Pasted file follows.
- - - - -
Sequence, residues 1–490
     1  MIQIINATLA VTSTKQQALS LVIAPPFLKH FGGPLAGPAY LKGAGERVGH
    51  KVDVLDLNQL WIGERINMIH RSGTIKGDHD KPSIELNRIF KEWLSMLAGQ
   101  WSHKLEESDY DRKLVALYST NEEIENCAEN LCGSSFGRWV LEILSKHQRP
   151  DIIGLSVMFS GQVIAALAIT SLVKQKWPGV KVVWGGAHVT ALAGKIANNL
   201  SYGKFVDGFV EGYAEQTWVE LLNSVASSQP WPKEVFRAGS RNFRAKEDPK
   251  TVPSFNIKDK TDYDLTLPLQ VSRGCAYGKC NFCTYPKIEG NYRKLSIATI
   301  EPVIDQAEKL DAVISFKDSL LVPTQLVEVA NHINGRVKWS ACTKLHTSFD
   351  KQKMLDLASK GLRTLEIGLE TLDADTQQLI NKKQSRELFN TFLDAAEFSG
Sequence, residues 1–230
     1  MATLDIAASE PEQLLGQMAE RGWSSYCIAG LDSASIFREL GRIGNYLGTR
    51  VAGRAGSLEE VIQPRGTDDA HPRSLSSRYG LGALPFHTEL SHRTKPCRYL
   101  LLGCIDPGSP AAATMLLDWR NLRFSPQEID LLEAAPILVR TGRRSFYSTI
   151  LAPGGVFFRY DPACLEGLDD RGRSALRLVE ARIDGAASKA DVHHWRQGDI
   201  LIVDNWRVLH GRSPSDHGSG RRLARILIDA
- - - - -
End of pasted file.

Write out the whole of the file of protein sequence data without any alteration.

Sequence, residues 1–490
     1  MIQIINATLA VTSTKQQALS LVIAPPFLKH FGGPLAGPAY LKGAGERVGH
    51  KVDVLDLNQL WIGERINMIH RSGTIKGDHD KPSIELNRIF KEWLSMLAGQ
   101  WSHKLEESDY DRKLVALYST NEEIENCAEN LCGSSFGRWV LEILSKHQRP
   151  DIIGLSVMFS GQVIAALAIT SLVKQKWPGV KVVWGGAHVT ALAGKIANNL
   201  SYGKFVDGFV EGYAEQTWVE LLNSVASSQP WPKEVFRAGS RNFRAKEDPK
   251  TVPSFNIKDK TDYDLTLPLQ VSRGCAYGKC NFCTYPKIEG NYRKLSIATI
   301  EPVIDQAEKL DAVISFKDSL LVPTQLVEVA NHINGRVKWS ACTKLHTSFD
   351  KQKMLDLASK GLRTLEIGLE TLDADTQQLI NKKQSRELFN TFLDAAEFSG
Sequence, residues 1–230
     1  MATLDIAASE PEQLLGQMAE RGWSSYCIAG LDSASIFREL GRIGNYLGTR
    51  VAGRAGSLEE VIQPRGTDDA HPRSLSSRYG LGALPFHTEL SHRTKPCRYL
   101  LLGCIDPGSP AAATMLLDWR NLRFSPQEID LLEAAPILVR TGRRSFYSTI
   151  LAPGGVFFRY DPACLEGLDD RGRSALRLVE ARIDGAASKA DVHHWRQGDI
   201  LIVDNWRVLH GRSPSDHGSG RRLARILIDA